First Lines Friday #4!

Here is how it works:

– Pick a book and open to the first page.

– Copy the first few lines without revealing which book it is.

– Reveal the book!

So… do these first lines entice you?

By day, I’m an honours student at Jefferson Academy. At night, I turn into the Nubian Goddess most people know as Emerald.

The second bell rings, I’m out of my desk seat and bolting through the classroom door. There’s a battle tonight between PrestoBox, a master wizard from the Tundra, and Zama, a Voodoo queen from the same region. I absolutely can’t miss it. Once safely in the hallway, I pull out my phone and open WhatsApp to find a new text from the game mod, Cicada.

Cicada: You watching the tundra semifinals tonight?

Scroll down to reveal the book!

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SLAY: the Black Panther-inspired novel about virtual reality, safe spaces  and celebrating your identity: Morris, Brittney: Books
Slay by Brittney Morris

That first section is definitely not one that would entice me, which is surprising and kinda sad! I already own this book (I was gifted it by the wonderful Kari) and I’m excited to read a Black gaming book. I really hope that I enjoy the writing more as the book carries on. Fingers Crossed!

Freshwater by Akwake Emezi, a review


I’ve heard a lot about Akwaeke Emezi recently, and I had thought that my first read from them was going to be Pet (which sounds absolutely amazing and I NEED TO READ IT!) but instead it was Freshwater. This story follows Ada who has multiple entities from the Mothergod Ala inside of her. She begins her life in southern Nigeria after being prayed into existence, but her life is no easy ride.


I picked this up specifically for the fuck slut shaming prompt for the Fuckathon, and although it covers many different topics this will be the one I talk about first. There is sex positivity in this book, with our main character Ada having sex freely with both men and women and feeling no shame, she is also slut shamed by those around her but she sticks to her guns and doesn’t let them shame her. Also prevalent within this book is the rape of Ada. It is referred back to throughout the book as a major plot point.

The next two topics very much combine and this is spirituality and multiple personalities. This is approached by having separate beings who each narrate the story in their own chapters and are said to be linked to Jesus. I really enjoyed how they switched between “everyone” and we get to see from all of their viewpoints. The first have been sent by Ala, the others crystallise after traumatic events and this changes how they act and interact with Ada’s life. I can’t say much more about this without spoiling the plot but the presence of these different viewpoints is utilised incredibly well throughout the story.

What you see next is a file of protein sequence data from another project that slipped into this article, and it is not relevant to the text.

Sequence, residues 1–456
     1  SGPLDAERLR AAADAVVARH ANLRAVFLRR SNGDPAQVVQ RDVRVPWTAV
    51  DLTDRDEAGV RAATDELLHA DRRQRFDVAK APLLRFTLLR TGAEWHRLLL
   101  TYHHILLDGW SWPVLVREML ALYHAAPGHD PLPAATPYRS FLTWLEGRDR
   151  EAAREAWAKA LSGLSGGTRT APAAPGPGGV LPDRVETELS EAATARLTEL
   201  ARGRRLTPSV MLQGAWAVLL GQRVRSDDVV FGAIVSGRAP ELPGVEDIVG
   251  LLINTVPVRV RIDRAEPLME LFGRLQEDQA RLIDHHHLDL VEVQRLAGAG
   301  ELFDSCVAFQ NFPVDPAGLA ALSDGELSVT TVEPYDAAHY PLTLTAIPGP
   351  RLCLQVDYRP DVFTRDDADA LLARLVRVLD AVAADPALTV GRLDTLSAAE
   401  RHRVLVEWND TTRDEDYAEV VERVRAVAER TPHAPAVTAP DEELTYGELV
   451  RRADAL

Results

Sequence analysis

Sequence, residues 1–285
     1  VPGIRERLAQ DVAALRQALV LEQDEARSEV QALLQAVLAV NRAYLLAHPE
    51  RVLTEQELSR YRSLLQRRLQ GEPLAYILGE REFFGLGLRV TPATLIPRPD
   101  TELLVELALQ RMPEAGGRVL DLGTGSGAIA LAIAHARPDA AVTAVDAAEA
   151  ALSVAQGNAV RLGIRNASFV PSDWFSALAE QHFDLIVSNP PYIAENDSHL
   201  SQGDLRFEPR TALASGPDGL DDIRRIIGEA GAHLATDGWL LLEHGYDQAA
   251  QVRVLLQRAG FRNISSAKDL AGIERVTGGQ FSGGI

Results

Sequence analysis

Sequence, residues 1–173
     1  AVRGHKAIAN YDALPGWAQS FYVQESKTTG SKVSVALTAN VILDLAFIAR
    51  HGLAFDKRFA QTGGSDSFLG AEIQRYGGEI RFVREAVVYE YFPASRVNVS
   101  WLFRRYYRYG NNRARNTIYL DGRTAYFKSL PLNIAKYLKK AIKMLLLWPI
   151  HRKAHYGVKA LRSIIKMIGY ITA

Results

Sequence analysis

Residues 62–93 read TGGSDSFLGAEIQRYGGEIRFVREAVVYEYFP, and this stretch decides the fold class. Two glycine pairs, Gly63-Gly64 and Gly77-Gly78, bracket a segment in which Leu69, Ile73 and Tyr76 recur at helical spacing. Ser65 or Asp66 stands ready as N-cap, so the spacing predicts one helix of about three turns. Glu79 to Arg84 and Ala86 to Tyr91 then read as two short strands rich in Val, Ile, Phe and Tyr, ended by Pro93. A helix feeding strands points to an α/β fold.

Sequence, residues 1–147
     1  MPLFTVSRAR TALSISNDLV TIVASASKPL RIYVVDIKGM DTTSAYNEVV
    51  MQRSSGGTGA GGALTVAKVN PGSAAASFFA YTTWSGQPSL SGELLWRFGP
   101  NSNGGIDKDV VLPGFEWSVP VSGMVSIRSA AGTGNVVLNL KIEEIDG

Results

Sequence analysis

The one “diverse” topic within this book that I have personal experience with is depression, and so this is the one where I can comment on the representation. I think the metaphors used are incredibly well done and unique, Emezi deep dives into the mind and I love their approach to this topic and also how they depicted the various people around Ada and their reactions to her depression.

The topic of racism is lightly touched upon here, with our Nigerian main character living in the US the main racist point I saw was the encouragement of relaxing and straightening her hair rather than leaving it natural. In the latter parts of the story we also delve deeper into Ada’s non-binary preferences, which have developed slowly as the plot moves through.

I of course cannot speak to the representation of most of the aspects of this book, so I recommend finding own voices reviewers to see their opinions. I’ll be doing that myself. However, Akwaeke’s website says that this is an autobiographical novel which suggests that she is writing this as an own voices author and therefore I see this as her view of her own experiences. I really enjoyed this book. It was heart wrenching, incredibly interesting and so so absorbing. I am now so excited to read Pet as I loved the writing style.

Have you read anything from Akwaeke Emezei? Have you read Freshwater? If you have tell me what you thought of them down below! I totally need to chat about this!


Mermaids with a Dark Past

The Deep by Rivers Solomon is a book that I’m mad I didn’t hear about sooner. Inspired by a song from Clipping for the “We Are In The Future” of This American Life (I had never heard of it before, blame me being British), this book follows the water-breathing descendants of African enslaved women who were tossed overboard from ships. They have built up their own society deep beneath the waves, but they don’t interact with their past. One individual holds all of the memories for their people, and we follow Yetu as she tries to cope with these traumatic memories invading her head since she was young.